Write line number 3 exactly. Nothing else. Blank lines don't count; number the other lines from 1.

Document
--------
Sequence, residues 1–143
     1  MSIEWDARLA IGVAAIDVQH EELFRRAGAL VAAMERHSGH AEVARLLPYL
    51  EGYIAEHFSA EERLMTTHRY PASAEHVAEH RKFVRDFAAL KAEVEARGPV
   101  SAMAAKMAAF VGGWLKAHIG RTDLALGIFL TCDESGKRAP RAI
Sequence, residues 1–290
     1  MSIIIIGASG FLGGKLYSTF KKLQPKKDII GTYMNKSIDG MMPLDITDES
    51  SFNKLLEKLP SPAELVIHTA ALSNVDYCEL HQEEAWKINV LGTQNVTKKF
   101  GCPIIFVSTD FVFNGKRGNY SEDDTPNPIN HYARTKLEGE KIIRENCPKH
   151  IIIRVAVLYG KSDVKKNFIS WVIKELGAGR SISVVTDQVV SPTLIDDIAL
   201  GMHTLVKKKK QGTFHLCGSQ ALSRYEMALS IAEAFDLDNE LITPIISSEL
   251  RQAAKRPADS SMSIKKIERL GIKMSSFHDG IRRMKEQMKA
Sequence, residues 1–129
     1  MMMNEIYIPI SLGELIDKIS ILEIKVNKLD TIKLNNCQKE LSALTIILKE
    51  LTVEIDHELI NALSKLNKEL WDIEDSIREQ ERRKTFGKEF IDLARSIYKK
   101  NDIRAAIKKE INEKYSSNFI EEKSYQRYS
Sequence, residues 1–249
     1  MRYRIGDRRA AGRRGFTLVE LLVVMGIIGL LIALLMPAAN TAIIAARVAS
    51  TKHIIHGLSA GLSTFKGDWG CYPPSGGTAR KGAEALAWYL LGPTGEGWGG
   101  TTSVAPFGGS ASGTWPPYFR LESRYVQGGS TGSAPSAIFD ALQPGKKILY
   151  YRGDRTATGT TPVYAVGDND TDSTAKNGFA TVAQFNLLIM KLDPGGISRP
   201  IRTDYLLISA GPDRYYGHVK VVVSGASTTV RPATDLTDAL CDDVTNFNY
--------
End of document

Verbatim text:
    51  EGYIAEHFSA EERLMTTHRY PASAEHVAEH RKFVRDFAAL KAEVEARGPV